Your contributions to an RRSP (up to your contribution limit) are deducted from your previous year’s taxable income.

Contribute on a Regular Basis


Saving through a Pre-Authorized Contribution (PAC) is a simple and effective means to ensure you are investing regularly. It is convenient, worry free and flexible. PACs can be set up in the frequency and amount of your choice, (subject to low investment minimums).

Diversify your Investments


Consulting with a financial professional will help ensure your portfolio is properly diversified and suitable to meet your individual investment goals and objectives. Diversification ensures your portfolio includes the right mix of assets based on your own personal profile including your investment time horizon and risk tolerance.



Retirement like many things in life is evolving and changing in this post-financial crises world. In this report we look at how Canadians are adapting to this change and provide important financial planning lessons that can be applied as investors plan for retirement.


Education Savings Strategies


What would you do with $60,000?


If you have children, the answer could be to use it to pay for your child's post-secondary education. While the amount seems overwhelming, the best way to prepare is to create a plan, stick to it and incorporate a few key strategies.

Open a Registered Education Savings Plan (RESP)


There are many savings vehicles you can use to save for your child's education, only an RESP provides tax deferred growth, combined with the ability to earn Canada Education Savings Grant (CESG) and various other Federal and Provincial incentives. Eligible plans receive annual grants matching 20% of contributions made each year, up to a maximum of $500 per year or $1,000 if carryover room is available. The lifetime maximum CESG limit per child is $7,200.

Invest early


You can open an RESP and start saving for a child's education as soon as they are born, provided they are eligible. This provides up to 18 years of tax free growth.

Invest appropriate to your time horizon


There are many types of investment products that can be held in an RESP, including equity, balanced and bond mutual funds and GICs as well as cash savings. The allocation of your portfolio may change as the time your child needs the money approaches.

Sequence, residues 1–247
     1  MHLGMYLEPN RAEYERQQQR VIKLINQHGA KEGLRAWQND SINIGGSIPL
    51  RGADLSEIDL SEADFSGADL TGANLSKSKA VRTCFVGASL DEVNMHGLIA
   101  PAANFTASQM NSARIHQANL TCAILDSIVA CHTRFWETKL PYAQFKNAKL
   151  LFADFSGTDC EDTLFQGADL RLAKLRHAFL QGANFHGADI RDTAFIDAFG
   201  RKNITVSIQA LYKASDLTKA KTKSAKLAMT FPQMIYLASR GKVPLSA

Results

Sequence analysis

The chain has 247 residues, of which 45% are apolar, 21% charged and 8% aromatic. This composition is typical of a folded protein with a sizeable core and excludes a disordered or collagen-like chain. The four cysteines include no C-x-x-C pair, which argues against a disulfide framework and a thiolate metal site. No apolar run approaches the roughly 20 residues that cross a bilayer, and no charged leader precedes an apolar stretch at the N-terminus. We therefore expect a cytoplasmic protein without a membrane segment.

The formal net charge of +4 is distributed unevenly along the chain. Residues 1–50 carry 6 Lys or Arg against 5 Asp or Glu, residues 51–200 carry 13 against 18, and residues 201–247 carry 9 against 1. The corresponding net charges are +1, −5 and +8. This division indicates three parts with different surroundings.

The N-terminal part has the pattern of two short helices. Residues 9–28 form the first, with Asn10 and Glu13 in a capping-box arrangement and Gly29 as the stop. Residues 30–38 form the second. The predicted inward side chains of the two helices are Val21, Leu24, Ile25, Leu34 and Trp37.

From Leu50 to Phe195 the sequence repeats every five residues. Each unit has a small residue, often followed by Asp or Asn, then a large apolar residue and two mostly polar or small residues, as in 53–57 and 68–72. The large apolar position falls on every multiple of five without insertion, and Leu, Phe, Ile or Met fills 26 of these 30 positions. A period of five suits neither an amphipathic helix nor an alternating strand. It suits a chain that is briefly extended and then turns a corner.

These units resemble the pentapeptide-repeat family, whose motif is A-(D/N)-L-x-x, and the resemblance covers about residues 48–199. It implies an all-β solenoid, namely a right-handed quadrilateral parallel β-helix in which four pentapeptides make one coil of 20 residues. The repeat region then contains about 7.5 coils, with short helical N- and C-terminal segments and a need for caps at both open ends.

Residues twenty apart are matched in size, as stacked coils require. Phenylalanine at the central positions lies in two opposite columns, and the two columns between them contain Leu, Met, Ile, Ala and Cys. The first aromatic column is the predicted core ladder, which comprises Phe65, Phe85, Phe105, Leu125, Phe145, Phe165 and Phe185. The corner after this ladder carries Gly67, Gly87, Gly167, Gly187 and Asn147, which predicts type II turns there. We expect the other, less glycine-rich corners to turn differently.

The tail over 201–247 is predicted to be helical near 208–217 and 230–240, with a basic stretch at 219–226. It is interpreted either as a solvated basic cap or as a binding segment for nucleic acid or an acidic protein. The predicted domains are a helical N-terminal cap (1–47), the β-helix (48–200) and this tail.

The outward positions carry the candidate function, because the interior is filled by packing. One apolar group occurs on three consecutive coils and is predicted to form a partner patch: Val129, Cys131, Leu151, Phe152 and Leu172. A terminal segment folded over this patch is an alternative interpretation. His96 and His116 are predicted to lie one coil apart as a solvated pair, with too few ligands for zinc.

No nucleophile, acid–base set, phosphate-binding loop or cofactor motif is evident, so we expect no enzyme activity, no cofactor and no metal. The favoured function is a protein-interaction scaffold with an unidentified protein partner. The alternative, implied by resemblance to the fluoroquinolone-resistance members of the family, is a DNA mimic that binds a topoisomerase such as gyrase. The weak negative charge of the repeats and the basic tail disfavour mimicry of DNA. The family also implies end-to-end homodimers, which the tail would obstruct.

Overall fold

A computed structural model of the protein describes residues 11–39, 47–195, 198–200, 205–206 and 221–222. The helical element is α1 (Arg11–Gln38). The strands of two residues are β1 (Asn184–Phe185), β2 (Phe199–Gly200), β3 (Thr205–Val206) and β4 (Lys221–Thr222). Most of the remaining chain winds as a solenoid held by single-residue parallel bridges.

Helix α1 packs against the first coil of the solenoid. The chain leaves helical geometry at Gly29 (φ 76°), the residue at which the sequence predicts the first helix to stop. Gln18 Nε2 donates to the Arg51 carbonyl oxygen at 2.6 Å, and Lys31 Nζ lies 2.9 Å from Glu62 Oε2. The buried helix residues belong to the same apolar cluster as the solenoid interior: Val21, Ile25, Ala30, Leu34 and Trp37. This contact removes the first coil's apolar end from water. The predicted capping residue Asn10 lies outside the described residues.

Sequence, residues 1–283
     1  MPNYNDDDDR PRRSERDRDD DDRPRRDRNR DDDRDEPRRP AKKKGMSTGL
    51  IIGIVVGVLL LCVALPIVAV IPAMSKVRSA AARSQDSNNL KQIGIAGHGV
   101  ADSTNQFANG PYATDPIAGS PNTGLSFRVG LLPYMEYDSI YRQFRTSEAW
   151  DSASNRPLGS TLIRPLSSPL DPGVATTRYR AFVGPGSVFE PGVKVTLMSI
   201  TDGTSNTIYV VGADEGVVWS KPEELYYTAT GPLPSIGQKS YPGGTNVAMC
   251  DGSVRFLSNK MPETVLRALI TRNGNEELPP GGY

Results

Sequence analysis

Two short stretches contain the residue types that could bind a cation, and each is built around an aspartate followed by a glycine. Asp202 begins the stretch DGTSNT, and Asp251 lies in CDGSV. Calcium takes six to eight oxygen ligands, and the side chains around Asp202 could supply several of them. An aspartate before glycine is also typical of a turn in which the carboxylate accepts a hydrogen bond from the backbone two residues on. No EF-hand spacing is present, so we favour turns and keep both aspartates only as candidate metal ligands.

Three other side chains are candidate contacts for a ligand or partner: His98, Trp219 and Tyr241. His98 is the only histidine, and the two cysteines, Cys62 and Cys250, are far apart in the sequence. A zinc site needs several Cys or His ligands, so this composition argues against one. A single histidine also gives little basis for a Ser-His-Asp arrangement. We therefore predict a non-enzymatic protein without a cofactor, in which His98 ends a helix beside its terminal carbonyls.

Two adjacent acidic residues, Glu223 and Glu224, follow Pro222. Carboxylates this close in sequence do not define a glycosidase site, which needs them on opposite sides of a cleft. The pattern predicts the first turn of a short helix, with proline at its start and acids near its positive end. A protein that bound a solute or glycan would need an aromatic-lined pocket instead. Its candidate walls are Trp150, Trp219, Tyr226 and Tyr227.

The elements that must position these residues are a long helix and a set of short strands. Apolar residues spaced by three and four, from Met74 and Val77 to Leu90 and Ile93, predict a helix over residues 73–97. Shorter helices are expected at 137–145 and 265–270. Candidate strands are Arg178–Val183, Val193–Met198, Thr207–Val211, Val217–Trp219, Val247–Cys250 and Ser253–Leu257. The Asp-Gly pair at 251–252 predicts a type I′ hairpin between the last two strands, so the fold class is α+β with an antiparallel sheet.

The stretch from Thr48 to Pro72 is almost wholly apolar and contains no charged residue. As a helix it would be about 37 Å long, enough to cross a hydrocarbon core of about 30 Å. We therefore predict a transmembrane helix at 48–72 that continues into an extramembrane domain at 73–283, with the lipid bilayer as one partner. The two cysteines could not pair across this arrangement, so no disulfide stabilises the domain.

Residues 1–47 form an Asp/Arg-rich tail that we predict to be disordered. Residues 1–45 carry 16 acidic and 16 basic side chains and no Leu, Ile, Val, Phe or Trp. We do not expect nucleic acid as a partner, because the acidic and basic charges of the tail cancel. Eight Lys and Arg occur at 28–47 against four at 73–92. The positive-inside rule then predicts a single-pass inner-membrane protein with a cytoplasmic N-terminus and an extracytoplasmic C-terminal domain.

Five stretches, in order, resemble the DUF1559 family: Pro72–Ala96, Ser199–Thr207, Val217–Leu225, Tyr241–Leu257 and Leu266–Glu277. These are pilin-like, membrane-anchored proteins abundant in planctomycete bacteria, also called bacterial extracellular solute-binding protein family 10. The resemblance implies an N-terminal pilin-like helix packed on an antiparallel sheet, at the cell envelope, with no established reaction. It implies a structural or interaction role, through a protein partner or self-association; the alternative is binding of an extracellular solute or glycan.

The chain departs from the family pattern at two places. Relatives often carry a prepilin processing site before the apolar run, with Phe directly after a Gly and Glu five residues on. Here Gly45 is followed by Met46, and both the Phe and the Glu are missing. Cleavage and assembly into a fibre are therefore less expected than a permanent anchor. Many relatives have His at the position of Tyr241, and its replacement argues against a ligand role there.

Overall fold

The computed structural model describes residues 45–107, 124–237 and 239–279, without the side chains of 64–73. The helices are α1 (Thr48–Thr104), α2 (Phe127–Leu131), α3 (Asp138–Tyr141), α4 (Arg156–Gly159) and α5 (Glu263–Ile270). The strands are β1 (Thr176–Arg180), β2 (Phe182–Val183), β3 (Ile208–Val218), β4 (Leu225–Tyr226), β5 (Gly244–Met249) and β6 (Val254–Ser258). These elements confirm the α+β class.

To simplify the investment decision, BMO Mutual Funds offers a suite of Target Education Portfolios. These five portfolios automatically shift from equities to fixed income as their target end date approaches ensuring they maximize growth in the early years and help to reduce volatility as post-secondary education nears.


See below for more information on the Target Education Portfolios.


Save through a Pre-Authorized Contribution (PAC)


A PAC is the best way to save to ensure you meet you financial goals. It is a convenient, worry free way to ensure you are saving on consistent basis. PAC’s are flexible in that you can choose the frequency and have low investment minimums. Even investing small amounts regularly adds up over time.


To further help in your planning, the following report on Education Planning looks at some of the costs, choices and opportunities for ensuring your child has a bright future.

Registered Disability Savings Plan (RDSP)


Caring for someone with a severe or prolonged disability can be emotionally and financially challenging. A BMO Registered Disability Savings Plan (RDSP) is one component that can help to provide long-term financial security for people with disabilities.

What is an RDSP?


Created by the federal government, the RDSP provides people with disabilities with an easy and effective way to save and invest for their long-term financial security. What's more, the government offers incentives in the form of grants and bonds to help you accumulate more. If you are a person with a disability or provide care to someone with a disability, you'll definitely want to know more about RDSPs.